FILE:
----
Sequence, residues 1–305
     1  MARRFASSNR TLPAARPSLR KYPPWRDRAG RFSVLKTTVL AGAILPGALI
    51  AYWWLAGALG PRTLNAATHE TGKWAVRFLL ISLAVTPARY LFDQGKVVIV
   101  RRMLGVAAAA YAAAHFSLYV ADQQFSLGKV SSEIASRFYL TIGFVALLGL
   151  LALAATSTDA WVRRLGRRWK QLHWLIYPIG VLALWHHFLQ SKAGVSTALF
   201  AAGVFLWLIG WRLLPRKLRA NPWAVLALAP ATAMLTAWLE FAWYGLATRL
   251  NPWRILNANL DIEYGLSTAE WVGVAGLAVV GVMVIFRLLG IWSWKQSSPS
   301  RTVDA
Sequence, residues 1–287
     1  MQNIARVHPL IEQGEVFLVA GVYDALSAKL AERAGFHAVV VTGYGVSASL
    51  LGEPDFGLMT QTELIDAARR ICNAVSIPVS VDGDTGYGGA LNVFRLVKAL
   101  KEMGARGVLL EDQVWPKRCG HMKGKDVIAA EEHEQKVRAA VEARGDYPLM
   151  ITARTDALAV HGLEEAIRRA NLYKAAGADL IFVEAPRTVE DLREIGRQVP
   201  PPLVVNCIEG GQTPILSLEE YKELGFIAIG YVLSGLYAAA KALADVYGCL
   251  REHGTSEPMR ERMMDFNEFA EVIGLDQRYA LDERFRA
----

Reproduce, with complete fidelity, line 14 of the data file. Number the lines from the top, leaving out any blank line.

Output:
   201  PPLVVNCIEG GQTPILSLEE YKELGFIAIG YVLSGLYAAA KALADVYGCL